Insiders ditch, companies falter
The first story seemed odd enough:
Days before his firm filed for bankruptcy on Monday, American Home Mortgage Investment (AHM:OTC) Chairman and Chief Executive Michael Strauss sold US$3.5 million of stock at US$1.17 a share. The reason given? To satisfy a margin call at his brokerage firm. Now that the firm is in Chapter 11 protection the shares have dropped to $0.27.
But then came this:
Apartment and condominium builder Tarragon Corp. (TARR:NASDAQ) is letting everyone know that they might not be able to stay in business. Something to do with the credit market, lack of buyers, global warming, etc. In related news, the CEO’s wife, Lucy Friedman, sold about US$500,000 of stock, at an average price of $3.19 a share on Tuesday and Wednesday of this week.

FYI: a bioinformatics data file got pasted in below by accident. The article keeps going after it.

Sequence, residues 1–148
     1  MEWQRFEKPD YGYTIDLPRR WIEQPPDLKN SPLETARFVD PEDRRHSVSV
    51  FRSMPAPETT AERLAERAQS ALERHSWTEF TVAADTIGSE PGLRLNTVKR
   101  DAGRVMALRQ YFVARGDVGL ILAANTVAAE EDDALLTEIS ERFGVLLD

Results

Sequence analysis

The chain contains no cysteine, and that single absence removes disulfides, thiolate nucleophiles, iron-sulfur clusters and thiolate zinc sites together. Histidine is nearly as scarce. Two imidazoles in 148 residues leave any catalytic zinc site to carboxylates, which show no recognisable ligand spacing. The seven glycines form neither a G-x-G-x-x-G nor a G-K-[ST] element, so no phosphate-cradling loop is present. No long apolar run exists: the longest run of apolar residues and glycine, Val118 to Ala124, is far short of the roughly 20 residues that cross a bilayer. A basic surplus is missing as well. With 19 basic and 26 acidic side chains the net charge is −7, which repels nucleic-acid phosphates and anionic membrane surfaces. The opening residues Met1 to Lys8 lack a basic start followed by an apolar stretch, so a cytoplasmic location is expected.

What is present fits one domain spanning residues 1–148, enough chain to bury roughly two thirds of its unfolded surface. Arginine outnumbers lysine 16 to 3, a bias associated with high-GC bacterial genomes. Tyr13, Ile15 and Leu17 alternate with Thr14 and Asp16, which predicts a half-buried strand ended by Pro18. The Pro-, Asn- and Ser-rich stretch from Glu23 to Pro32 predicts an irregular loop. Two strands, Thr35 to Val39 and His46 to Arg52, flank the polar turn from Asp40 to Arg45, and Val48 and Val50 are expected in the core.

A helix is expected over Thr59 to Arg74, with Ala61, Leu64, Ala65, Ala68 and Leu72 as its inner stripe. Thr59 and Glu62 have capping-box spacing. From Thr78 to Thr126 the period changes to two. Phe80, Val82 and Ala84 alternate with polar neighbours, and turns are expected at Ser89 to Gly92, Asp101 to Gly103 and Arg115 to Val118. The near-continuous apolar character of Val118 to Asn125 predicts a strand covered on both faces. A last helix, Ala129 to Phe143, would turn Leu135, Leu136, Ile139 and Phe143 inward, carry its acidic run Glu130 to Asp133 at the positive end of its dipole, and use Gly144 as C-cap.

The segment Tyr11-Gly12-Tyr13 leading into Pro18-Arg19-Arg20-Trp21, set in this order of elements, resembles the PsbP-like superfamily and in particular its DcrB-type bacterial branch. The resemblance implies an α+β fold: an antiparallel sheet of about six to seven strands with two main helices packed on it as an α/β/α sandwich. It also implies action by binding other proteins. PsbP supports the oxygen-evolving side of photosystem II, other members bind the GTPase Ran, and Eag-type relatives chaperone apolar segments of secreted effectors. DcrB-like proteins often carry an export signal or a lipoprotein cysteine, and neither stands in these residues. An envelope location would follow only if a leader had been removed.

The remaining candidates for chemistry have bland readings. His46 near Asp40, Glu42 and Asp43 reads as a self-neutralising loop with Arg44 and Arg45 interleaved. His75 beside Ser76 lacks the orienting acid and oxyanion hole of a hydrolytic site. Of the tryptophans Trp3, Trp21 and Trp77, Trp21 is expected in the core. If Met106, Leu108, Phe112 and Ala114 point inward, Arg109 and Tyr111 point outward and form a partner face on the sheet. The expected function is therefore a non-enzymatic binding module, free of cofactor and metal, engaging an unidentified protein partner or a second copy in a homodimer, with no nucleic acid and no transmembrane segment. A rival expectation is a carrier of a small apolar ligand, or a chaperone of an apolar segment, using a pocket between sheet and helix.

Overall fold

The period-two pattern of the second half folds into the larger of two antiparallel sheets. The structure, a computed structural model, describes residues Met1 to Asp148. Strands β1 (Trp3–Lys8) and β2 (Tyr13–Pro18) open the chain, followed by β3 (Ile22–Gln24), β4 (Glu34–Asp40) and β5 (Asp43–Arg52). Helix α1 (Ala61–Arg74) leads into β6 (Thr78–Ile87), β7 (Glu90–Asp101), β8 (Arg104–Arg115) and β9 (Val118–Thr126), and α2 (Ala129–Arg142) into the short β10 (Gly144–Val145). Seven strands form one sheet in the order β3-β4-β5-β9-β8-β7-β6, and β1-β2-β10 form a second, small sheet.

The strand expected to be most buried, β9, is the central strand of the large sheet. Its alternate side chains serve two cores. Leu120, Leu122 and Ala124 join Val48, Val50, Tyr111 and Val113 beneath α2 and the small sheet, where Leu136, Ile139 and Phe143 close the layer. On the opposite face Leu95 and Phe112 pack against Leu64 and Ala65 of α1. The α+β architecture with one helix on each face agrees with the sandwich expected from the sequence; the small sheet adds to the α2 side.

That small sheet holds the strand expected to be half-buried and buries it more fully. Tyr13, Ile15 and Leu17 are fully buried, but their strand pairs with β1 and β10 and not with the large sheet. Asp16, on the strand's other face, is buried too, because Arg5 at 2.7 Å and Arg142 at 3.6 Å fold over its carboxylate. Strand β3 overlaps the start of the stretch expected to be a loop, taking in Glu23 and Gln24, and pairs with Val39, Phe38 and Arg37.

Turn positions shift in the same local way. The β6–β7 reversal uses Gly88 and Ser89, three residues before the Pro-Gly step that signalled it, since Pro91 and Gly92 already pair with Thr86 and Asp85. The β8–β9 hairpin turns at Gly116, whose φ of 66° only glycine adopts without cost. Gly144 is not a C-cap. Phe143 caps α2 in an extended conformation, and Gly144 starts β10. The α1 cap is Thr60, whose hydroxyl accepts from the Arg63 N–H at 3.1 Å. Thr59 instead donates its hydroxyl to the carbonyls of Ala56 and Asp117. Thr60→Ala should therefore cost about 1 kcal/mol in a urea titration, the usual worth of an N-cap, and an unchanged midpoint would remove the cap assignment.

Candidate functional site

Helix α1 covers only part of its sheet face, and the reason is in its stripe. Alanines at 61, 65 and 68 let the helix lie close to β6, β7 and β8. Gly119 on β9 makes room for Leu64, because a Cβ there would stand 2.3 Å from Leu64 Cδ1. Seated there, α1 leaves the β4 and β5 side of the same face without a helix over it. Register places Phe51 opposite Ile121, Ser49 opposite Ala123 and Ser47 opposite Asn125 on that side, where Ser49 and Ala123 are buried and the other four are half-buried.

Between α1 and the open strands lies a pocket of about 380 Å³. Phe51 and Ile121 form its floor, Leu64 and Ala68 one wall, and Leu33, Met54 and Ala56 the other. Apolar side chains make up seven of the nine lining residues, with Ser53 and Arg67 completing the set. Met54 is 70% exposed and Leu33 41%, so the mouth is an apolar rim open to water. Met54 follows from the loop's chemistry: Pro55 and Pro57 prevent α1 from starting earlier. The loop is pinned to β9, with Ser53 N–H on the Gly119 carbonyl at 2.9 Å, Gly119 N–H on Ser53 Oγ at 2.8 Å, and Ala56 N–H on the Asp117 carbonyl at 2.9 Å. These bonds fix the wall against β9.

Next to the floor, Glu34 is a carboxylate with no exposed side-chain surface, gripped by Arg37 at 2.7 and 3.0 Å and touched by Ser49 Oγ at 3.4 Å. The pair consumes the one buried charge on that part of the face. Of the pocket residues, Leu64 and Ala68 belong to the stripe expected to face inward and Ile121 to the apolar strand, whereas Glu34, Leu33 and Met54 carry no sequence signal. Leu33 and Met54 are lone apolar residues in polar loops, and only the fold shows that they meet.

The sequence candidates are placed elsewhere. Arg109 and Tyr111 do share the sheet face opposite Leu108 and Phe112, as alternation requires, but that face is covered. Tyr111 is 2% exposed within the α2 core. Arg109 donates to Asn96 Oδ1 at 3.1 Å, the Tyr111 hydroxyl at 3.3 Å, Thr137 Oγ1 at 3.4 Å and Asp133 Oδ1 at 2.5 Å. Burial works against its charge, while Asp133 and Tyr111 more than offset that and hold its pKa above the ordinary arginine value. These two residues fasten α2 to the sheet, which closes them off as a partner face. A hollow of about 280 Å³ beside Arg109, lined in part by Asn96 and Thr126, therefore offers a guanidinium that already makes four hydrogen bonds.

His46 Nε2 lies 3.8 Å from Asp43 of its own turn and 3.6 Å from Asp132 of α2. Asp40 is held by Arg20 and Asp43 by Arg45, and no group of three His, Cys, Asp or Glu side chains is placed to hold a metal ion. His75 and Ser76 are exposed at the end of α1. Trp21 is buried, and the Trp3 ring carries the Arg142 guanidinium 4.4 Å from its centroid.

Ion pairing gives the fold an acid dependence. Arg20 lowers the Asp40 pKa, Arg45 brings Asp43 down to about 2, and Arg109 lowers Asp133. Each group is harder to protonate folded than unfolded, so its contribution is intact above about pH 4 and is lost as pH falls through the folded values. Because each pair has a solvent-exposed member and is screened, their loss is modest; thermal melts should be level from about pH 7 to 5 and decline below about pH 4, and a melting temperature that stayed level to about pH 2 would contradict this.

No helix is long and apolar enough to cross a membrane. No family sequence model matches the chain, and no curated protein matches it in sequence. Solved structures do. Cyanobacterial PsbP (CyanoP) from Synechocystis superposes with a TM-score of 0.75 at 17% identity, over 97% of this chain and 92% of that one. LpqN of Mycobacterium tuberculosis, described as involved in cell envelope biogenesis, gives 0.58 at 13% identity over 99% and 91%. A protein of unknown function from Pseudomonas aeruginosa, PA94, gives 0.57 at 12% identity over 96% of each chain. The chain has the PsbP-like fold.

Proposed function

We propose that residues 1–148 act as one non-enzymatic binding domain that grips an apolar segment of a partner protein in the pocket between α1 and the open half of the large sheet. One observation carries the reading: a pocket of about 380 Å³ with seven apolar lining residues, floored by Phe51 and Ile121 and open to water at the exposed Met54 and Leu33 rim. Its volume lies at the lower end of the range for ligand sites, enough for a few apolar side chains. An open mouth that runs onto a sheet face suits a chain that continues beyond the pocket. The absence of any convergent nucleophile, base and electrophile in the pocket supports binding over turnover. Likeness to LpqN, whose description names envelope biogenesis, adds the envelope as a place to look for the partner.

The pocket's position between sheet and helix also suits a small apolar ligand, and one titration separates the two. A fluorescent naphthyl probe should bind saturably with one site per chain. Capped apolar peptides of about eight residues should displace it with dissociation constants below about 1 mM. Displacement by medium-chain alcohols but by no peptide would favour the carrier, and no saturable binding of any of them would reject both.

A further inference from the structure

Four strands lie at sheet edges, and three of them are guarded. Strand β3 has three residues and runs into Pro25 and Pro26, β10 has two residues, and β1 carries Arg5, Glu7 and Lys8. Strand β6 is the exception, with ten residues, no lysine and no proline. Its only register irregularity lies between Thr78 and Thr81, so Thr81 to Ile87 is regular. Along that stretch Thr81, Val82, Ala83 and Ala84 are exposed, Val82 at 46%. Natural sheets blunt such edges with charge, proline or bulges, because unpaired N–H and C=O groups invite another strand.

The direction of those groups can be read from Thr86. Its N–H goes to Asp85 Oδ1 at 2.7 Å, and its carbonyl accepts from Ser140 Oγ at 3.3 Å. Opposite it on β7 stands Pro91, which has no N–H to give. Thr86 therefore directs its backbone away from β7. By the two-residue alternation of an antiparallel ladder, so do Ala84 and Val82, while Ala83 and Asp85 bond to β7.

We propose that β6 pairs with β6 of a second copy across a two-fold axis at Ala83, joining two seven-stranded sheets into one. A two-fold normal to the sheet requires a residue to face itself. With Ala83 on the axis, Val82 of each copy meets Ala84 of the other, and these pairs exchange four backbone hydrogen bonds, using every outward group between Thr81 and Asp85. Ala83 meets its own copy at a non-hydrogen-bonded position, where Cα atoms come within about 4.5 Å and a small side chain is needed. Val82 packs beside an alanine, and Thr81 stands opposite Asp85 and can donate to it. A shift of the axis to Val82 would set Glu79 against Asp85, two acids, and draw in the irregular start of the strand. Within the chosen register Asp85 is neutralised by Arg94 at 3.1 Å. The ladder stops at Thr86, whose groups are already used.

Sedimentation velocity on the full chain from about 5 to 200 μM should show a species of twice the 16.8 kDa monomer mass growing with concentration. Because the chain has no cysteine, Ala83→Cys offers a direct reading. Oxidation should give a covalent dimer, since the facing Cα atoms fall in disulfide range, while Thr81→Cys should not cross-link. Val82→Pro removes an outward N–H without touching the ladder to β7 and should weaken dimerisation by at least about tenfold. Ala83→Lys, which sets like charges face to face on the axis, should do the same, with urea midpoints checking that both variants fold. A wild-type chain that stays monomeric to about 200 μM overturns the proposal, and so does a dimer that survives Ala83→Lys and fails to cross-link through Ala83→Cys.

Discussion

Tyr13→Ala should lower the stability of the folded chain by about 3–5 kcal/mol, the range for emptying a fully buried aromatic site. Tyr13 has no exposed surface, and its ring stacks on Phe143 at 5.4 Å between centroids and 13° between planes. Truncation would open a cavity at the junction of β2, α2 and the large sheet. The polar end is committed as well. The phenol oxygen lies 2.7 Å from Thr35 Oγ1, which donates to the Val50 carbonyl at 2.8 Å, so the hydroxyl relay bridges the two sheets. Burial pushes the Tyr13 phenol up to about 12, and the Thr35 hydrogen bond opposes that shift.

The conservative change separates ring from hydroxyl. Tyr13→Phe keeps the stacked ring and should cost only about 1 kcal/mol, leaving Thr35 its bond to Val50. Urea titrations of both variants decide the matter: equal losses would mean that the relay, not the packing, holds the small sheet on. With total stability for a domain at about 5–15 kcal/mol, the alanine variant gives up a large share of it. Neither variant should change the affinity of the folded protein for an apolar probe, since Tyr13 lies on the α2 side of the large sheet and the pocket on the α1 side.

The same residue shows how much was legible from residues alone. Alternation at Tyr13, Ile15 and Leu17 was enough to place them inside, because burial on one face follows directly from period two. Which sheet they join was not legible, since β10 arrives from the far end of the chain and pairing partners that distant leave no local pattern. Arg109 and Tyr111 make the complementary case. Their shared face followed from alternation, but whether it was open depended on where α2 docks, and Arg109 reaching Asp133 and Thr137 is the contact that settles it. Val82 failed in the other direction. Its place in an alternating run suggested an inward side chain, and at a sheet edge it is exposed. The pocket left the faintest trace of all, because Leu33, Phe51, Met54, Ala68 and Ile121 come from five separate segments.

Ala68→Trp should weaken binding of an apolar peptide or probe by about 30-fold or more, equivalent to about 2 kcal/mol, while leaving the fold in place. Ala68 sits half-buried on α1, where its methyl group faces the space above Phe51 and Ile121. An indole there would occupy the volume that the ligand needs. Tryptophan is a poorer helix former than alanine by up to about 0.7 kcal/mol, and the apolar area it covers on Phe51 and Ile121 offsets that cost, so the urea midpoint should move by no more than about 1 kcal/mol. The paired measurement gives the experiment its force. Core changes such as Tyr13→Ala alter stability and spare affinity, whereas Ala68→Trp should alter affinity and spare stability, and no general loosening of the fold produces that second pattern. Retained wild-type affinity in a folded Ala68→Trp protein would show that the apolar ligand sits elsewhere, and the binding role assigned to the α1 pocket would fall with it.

On Thursday, Tarragon’s share price closed at $0.94 (down 67% on the day). Mrs. Friedman might be kicking herself for not having sold at US$13 in February – subject to blackout periods – when the first subprime problems began to surface (see post “Too much credit where it’s not due?“, Feb 12-07).
It may well be a coincidence, and that neither had any unique perspective on what was going on at these two firms in the hours leading up to the trading nadir. But you have to wonder: have they ever heard of a woman by the name of Martha Stewart?